The next update to club rankings will take place at the conclusion of Festival to assist the National Office in sorting groups for pool selection process for the 2018 Disney Field Hockey Showcase in Kissimmee, Fla. from January 19-21.

U-14 National Club Rankings
National Rank           Club | State     Total Points
1           Freedom HKY | MD     425.0
2           WC Eagles | PA     392.5
3           Stealth | KY     340.0
4           Saints Hockey | VA     325.0
5           Windy City | IL     307.5
6           New Heights FHC | NJ     300.00
7           Gateway FH | MO     297.5
8           Jersey Intensity FH | NJ     292.5
8           Spirit of USA | NJ     292.5
10           Pinnacle FH | MI     282.5

To view the full U-14 National Club Rankings, click here.

U-16 National Club Rankings
National Rank         Club | State     Total Points
1           WC Eagles | PA     527.5
2           Windy City | IL     462.5
3           IFHCK | KY     455.0
4           Freedom HKY | MD     452.5
5           Jersey Intensity FH | NJ     435.0
6           Lasting Legacy | NY     410.0
7           Gateway FH | MO     390.0
8           TCOYO | VA     377.5
9           New Heights FHC | NJ     375.0
10         Saints Hockey | VA     365.0

To view the full U-16 National Club Rankings, click here.

U-19 National Club Rankings
National Rank         Club | State     Total Points
1           Princeton FHC | NJ     505.0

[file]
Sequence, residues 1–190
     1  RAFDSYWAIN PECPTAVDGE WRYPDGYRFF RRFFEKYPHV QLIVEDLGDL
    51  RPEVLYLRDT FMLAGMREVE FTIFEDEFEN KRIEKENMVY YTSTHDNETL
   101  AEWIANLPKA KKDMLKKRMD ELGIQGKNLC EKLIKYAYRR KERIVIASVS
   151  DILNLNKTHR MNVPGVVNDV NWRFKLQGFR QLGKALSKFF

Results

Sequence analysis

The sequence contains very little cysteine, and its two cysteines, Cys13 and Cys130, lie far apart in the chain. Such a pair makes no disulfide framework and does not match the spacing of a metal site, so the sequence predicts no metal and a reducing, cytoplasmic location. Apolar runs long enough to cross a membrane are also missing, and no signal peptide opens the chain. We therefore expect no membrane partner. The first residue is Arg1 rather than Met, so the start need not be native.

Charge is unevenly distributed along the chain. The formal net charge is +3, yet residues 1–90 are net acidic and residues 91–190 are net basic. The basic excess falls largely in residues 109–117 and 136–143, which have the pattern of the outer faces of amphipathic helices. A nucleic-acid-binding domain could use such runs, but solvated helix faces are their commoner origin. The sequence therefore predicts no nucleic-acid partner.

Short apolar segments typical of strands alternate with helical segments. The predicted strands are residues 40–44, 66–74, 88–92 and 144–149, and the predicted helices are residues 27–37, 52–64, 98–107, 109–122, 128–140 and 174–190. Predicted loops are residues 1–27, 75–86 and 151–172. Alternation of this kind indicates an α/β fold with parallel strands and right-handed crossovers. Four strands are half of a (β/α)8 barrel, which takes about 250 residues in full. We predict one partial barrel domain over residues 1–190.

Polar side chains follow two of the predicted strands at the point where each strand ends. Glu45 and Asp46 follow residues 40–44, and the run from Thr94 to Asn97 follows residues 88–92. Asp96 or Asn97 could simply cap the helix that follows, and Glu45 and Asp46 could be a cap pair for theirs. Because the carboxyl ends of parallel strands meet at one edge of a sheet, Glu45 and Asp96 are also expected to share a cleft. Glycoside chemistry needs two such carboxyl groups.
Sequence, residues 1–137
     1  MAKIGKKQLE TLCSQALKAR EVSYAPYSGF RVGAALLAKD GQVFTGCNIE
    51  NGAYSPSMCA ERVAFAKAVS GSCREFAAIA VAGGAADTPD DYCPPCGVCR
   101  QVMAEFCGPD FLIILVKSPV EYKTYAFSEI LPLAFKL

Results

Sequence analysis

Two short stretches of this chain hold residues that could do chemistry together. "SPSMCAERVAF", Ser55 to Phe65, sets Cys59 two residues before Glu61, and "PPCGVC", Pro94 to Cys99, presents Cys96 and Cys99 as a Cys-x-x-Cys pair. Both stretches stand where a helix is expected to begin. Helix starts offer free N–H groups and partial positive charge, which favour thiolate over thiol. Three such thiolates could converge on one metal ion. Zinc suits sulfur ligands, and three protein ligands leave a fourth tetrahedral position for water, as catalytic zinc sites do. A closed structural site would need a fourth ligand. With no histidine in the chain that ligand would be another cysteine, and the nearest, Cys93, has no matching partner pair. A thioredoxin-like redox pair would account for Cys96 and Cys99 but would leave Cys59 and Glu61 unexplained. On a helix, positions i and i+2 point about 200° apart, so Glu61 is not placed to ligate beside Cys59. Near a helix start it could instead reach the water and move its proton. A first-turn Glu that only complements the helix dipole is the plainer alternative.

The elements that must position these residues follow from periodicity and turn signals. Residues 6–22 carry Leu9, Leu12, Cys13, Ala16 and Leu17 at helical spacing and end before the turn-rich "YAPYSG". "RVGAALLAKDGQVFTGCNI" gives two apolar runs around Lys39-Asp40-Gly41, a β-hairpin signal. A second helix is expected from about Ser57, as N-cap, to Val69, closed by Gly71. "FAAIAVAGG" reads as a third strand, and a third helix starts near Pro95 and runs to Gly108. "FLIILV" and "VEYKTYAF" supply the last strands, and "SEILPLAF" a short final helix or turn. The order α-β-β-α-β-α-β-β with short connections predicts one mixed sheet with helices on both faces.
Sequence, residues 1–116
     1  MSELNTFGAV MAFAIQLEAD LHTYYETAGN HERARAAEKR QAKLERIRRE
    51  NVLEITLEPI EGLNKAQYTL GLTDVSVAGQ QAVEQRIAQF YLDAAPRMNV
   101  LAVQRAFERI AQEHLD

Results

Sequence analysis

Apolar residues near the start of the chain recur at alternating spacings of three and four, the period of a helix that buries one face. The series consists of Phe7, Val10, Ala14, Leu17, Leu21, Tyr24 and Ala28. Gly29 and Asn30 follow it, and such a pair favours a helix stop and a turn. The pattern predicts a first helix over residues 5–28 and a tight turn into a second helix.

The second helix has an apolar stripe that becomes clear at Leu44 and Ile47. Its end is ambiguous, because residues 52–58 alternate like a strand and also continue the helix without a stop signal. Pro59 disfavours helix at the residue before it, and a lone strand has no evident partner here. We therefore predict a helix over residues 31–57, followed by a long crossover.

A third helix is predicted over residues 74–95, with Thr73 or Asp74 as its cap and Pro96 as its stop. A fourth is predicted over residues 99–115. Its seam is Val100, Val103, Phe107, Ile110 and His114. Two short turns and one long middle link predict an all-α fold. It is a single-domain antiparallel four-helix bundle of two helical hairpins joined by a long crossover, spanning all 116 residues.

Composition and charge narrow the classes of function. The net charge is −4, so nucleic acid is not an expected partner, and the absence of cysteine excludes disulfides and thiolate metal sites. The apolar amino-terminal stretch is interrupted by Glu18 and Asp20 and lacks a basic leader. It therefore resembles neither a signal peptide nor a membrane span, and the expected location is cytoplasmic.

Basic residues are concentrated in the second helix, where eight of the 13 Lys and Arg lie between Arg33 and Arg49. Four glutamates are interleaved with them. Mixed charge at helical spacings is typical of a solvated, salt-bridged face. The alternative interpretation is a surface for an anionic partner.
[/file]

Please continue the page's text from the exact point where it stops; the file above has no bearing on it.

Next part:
2           Nook Hockey | PA     442.5
3           Freedom HKY | MD     427.5
4           WC Eagles | PA     415.0
5           FH Life | OH     395.0
6           Pinnacle FH | MI     387.5
7           Hudson Valley | NY     385.0
8           Rush | CA     377.5
9           New Heights FHC | NJ     352.5
10           TCOYO | VA     347.5

To view the full U-19 National Club Rankings, click here.

Click here to see the full updated club rankings.

USFHA media release

Vale Peter Kennedy

Alexie Beovich

Former Australian hockey half-back Peter Kennedy sadly passed away on Monday 28 August 2017.

Peter debuted for Australia in 1948 against New Zealand and was a keen hockey player, even playing in the Western Desert during World War II.

Peter represented Western Australia and was a stalwart of the Old Aquinians club in Perth, with the Kennedy family seen as key figures at Aquinas College.

He is a Life Member and former President of the Old Aquinians, where he was the games’ record holder over 59 seasons.

He was instrumental in the birth of the Australia Hockey Masters Championships, initially in Perth.

Peter is survived by children Louise, Paul, Kobe, Bergin, Harrison and partner Jan.

On behalf of the entire hockey community, Hockey Australia offers our sincere condolences to the family of Peter Kennedy.

Hockey Australia media release